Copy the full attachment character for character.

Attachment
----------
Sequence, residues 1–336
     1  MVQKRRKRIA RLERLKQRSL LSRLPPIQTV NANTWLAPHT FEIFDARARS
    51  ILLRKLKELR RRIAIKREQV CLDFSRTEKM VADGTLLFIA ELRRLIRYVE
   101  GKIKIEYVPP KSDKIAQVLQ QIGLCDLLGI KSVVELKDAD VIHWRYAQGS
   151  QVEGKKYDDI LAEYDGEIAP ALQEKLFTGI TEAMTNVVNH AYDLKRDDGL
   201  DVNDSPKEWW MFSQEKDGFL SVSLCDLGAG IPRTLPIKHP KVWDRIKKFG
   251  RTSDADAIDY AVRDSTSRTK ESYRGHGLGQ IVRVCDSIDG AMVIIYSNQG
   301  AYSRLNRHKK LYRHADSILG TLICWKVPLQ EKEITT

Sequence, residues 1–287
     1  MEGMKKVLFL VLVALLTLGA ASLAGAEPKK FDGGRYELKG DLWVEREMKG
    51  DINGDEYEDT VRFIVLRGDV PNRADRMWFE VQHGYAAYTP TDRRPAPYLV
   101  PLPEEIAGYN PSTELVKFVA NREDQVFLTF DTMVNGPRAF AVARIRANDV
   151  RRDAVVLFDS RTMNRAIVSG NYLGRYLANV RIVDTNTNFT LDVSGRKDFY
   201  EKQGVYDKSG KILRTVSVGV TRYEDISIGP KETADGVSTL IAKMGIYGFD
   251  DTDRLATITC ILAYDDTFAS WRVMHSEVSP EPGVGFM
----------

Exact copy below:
Sequence, residues 1–336
     1  MVQKRRKRIA RLERLKQRSL LSRLPPIQTV NANTWLAPHT FEIFDARARS
    51  ILLRKLKELR RRIAIKREQV CLDFSRTEKM VADGTLLFIA ELRRLIRYVE
   101  GKIKIEYVPP KSDKIAQVLQ QIGLCDLLGI KSVVELKDAD VIHWRYAQGS
   151  QVEGKKYDDI LAEYDGEIAP ALQEKLFTGI TEAMTNVVNH AYDLKRDDGL
   201  DVNDSPKEWW MFSQEKDGFL SVSLCDLGAG IPRTLPIKHP KVWDRIKKFG
   251  RTSDADAIDY AVRDSTSRTK ESYRGHGLGQ IVRVCDSIDG AMVIIYSNQG
   301  AYSRLNRHKK LYRHADSILG TLICWKVPLQ EKEITT

Sequence, residues 1–287
     1  MEGMKKVLFL VLVALLTLGA ASLAGAEPKK FDGGRYELKG DLWVEREMKG
    51  DINGDEYEDT VRFIVLRGDV PNRADRMWFE VQHGYAAYTP TDRRPAPYLV
   101  PLPEEIAGYN PSTELVKFVA NREDQVFLTF DTMVNGPRAF AVARIRANDV
   151  RRDAVVLFDS RTMNRAIVSG NYLGRYLANV RIVDTNTNFT LDVSGRKDFY
   201  EKQGVYDKSG KILRTVSVGV TRYEDISIGP KETADGVSTL IAKMGIYGFD
   251  DTDRLATITC ILAYDDTFAS WRVMHSEVSP EPGVGFM